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Unread 05-18-2014, 08:59 AM   #2391
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60 years of outstanding service

60 years of outstanding service needed removal for upgrade -- a small project -- .

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Unread 05-18-2014, 09:05 AM   #2392
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Same technique as 60 years ago

Besides being a 1 1/4 out of level , the subfloor condition was '' as new '' . We decided to go with the same technique as originally used , after screw attaching the wood planks .

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Unread 05-18-2014, 09:09 AM   #2393
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Mud bed as per 100's of years ago

Mud bed installation . " Easy '' part of this project . What a great feeling after all hard work is done .

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Unread 05-18-2014, 09:12 AM   #2394
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Mud bed as per 100's of years ago

Mud bed installation . " Easy '' part of this project . What a great feeling after all hard work is done .

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Unread 05-18-2014, 09:15 AM   #2395
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Mud bed as per 100's years ago

Mud bed installation . " Easy '' part of this project . What a great feeling after all hard work is done .

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Now , ready for heating cable , uncoupling membrane , tile and epoxy grout -- the improved method -- .
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Unread 05-18-2014, 09:50 AM   #2396
jwmezzanotte
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^ awesome

I did a little thin deck mud over a slab to raise one area the other day, about 3/4".
Im using concrete sand, was having a bit of trouble with larger aggregates (about 1/4") in my mix.
Do you guys screen your sand? How fine?
Im thinking about making a screen with lath over a wood frame. Think that will be fine enough for deck mud mix, or should I find a tighter screen material?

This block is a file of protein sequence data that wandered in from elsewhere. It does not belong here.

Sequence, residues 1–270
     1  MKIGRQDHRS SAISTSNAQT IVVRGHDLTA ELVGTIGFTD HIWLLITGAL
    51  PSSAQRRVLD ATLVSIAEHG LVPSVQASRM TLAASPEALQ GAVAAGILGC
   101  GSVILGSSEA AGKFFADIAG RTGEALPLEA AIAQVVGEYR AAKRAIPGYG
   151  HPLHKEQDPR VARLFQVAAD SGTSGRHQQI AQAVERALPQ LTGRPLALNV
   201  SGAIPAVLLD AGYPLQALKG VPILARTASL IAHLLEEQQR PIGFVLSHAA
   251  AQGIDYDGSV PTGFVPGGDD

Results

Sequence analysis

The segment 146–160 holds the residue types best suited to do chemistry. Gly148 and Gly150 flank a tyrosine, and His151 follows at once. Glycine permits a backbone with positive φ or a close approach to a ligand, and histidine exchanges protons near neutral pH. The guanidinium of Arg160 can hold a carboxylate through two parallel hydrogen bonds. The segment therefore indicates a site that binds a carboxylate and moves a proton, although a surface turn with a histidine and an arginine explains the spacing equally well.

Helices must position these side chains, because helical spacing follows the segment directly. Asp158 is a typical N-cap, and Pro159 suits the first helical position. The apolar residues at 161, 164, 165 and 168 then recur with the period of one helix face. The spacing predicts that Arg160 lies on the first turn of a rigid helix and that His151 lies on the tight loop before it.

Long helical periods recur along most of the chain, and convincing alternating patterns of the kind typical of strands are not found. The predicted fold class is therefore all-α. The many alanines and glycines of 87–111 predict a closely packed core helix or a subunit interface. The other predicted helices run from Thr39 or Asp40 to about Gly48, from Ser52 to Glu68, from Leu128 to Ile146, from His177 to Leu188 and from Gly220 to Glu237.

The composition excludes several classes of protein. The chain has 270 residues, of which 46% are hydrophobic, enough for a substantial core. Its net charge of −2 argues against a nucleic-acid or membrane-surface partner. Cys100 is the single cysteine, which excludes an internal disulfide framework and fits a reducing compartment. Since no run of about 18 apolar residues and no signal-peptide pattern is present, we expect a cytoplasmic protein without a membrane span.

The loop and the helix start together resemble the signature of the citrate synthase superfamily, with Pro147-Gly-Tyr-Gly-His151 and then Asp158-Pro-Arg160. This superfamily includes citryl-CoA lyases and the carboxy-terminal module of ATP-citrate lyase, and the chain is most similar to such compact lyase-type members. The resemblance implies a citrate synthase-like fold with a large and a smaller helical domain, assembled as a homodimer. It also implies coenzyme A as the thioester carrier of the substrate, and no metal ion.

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Unread 05-18-2014, 09:56 AM   #2397
Obie1
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I only use washed plaster sand in my mud
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Unread 05-18-2014, 10:19 AM   #2398
eurob
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Size:  46.4 KB Sand used for this project , John .

When projects are bigger or more accommodating , we buy it by the ton . Find out a supplier which knows about mud beds and they will deliver the right sand for you , screened already -- 1/4 is to big -- .

Best is to go to the supplier and see what they can offer you -- range for screened sand -- , then choose the coarse sand without the small rocks in .
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Unread 05-18-2014, 01:27 PM   #2399
Davy
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Nice job, Roberto. Good to see a nice mud job.

Yeah, concrete sand has pea gravel size rock, sometimes bigger than that. Find a masonry supply that has plaster sand. Plaster sand grit is probably 1/8 and smaller. It's a little courser than brick sand. The supplier I use has brick, plaster and concrete sand. They sell it by the cubic yard but I can get a 1/4 or 1/2 yard also.
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Unread 05-20-2014, 11:15 AM   #2400
John K
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When I asked John to make this thread some 12 years ago. I floated a 3 wall shower with body sprays and a glass block window on the right wall looking into the vanity area.

I went to the job planning on using backerboard but the contractor had everything so cut up that there was little to anchor to. The shower was to get a 18x18 marble with a lot of color and "movement". I don't remember the name.

Anyway I lathed it and scratched it with synthetic mud (Custom's Float), lightweight with perlite.

Does anyone here use lightweight mud?